Yes, I’m in the midst of going through years of “internet” crap (I really have two boxes of keyboards? Really? [yep]). In our town, we have a pretty good electronics recycling program, and I am filling boxes of stuff ready for when they open in April.
Hence the Spring cleaning – keyboards and beyond – I have a crapload of stuff that I don’t need…and why do I still have it??
For example: Much of the boxes’ contents I’m going through dates back to 1997, so some observations – per gathering of crap over the last 20 years.
- I have way too many cables. Just log off Amazon Prime and check around the house! USB. HDMI. RJ-15. RJ-45. Computer power cords (with the sorta trapezoid three-prong female end). Cords R Us!
- I has surprised at how much telephone equipment – cords, adapters, splitters and so on I had stashed around the office. But I did begin the whole intertube journey via twisted copper and modems (screech!!!!), so I guess it sorta makes sense. But why do I have a phone line extension cord from my bank? (See picture.) Different times.
- Found an old Cue cat in the debris. Remember Cue cat? Some do. It’s a keeper.
- The lack of standards on connectors (or wealth of options) – or cables – is a constant source of frustration. Just computer to video screen: VGA, DIV-X, HDMI, Display Port. And this is getting messy in the mobile world, as well – I’ll be happy when most everything is USB-C or whatever. Pick one. Any one.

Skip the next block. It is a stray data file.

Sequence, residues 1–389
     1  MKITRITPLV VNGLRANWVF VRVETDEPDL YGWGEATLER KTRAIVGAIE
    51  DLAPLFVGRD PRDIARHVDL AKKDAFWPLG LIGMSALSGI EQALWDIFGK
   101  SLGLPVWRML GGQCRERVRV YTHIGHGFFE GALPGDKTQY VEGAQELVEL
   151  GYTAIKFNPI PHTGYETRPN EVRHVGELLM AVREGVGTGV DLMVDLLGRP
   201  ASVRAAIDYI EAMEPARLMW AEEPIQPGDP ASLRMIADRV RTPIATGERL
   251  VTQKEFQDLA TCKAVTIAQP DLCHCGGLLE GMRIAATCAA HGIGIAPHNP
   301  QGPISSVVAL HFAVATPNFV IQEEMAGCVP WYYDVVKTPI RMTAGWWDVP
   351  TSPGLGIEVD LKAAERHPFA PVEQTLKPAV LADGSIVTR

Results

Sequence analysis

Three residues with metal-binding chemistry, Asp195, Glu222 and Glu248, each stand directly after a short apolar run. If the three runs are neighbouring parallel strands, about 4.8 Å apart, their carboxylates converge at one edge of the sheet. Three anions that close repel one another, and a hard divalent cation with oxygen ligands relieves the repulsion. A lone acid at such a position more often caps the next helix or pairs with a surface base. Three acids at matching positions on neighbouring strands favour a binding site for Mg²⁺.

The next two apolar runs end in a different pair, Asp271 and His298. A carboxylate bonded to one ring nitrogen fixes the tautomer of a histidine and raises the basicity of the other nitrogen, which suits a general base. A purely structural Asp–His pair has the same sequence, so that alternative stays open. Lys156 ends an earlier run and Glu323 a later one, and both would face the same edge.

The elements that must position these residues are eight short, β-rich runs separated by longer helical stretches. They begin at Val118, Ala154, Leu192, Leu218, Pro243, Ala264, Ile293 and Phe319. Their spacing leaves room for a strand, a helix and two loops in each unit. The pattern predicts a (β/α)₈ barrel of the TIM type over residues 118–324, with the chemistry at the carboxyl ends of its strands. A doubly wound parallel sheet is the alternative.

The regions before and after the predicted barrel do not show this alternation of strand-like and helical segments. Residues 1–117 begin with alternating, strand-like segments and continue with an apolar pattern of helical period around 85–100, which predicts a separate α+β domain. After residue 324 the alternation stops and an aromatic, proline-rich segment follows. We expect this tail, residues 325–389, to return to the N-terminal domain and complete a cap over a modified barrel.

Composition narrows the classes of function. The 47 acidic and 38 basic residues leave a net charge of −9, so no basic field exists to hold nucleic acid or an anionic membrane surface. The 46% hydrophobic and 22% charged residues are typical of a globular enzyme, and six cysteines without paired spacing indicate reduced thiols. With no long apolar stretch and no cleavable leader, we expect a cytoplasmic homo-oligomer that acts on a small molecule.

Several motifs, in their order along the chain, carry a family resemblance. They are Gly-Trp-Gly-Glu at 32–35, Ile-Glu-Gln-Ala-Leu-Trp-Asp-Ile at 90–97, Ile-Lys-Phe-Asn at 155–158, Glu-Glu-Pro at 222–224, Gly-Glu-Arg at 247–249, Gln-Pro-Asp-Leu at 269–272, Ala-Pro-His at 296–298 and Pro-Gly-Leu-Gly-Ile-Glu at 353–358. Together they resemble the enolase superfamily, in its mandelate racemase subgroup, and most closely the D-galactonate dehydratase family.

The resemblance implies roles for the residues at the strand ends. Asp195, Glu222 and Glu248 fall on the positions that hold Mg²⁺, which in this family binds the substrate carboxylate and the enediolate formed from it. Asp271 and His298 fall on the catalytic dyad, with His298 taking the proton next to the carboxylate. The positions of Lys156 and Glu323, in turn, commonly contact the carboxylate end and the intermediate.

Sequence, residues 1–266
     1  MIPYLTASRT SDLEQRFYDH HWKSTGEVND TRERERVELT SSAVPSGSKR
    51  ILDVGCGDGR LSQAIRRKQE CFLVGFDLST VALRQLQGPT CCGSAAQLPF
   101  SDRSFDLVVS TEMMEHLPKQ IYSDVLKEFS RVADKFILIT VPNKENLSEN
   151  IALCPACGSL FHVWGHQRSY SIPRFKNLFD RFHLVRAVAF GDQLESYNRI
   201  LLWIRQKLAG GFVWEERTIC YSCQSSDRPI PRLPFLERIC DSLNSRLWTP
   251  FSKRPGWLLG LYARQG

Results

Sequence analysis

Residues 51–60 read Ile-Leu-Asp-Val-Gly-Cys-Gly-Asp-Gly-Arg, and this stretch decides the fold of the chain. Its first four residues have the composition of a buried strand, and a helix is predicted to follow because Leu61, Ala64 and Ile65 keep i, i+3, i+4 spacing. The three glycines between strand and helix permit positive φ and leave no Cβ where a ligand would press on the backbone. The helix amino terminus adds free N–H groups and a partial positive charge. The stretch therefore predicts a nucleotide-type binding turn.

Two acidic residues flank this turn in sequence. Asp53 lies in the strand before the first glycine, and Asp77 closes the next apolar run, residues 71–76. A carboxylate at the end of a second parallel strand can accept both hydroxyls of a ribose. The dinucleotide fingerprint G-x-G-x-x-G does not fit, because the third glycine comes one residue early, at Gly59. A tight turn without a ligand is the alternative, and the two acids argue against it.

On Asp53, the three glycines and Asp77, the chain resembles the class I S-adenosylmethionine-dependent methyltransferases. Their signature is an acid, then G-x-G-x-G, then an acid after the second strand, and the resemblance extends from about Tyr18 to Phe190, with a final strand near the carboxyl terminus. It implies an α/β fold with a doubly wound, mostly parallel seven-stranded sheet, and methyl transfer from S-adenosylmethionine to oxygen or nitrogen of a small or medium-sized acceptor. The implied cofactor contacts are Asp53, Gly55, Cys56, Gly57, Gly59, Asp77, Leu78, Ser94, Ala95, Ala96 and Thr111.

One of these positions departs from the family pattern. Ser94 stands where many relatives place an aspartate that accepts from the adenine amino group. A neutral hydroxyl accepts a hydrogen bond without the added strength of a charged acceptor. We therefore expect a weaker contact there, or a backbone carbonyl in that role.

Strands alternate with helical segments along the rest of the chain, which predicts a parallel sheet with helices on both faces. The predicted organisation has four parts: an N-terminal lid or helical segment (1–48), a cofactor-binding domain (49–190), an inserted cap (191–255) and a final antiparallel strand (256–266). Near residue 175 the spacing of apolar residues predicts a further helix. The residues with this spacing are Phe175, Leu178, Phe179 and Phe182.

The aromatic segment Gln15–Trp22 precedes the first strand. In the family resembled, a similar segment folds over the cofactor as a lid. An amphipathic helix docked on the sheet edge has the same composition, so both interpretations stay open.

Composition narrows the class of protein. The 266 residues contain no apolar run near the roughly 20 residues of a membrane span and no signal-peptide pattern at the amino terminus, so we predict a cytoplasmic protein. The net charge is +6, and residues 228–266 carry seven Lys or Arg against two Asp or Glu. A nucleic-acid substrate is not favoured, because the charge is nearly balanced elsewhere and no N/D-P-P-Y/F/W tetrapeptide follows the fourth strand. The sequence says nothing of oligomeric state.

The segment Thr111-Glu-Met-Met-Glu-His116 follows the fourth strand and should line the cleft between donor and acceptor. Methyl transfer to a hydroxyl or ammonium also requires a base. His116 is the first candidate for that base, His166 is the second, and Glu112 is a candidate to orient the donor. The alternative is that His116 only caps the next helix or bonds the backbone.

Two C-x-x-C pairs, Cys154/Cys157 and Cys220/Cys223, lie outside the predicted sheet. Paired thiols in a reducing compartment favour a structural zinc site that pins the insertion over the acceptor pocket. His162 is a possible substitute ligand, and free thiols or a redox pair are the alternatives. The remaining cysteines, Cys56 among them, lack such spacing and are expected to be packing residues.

- Routers…so many routers. It seems that each router I purchase lasts fewer days than the one that it replaced. On the other hand, I buy (metal) Netgear switches and they just last and last – maybe the older ones are not as “zippy,” but it’s for a LAN. They are fast (enuf) and, well, don’t die. Yay!
- I still hoard some stuff: When I roll off an old computer, I’ll often save the fan and – sometimes – other stuff that might die on a future or older computer: ribbon cables, stand-alone NICs. But never power supplies, RAM or other chips. The “but never” stuff in the previous sentence is part of the electronics that I had collected, but are now in the recycling box.
- Hard drives: I either hang on to them or totally, physically destroy. I’m not paranoid about leaking my info, but I know enough that hard drives should, shall we say, not be offered to the public. NOTE: The ones I destroy (drilling, breaking plattens) go to recycling.
Bottom Line – I finally got around to sorting through the piles/boxes of stuff in my office. Organized (to some degree) the stuff I wanted to keep; boxed the “heave-ho” stuff. My office is suddenly spacious. Success!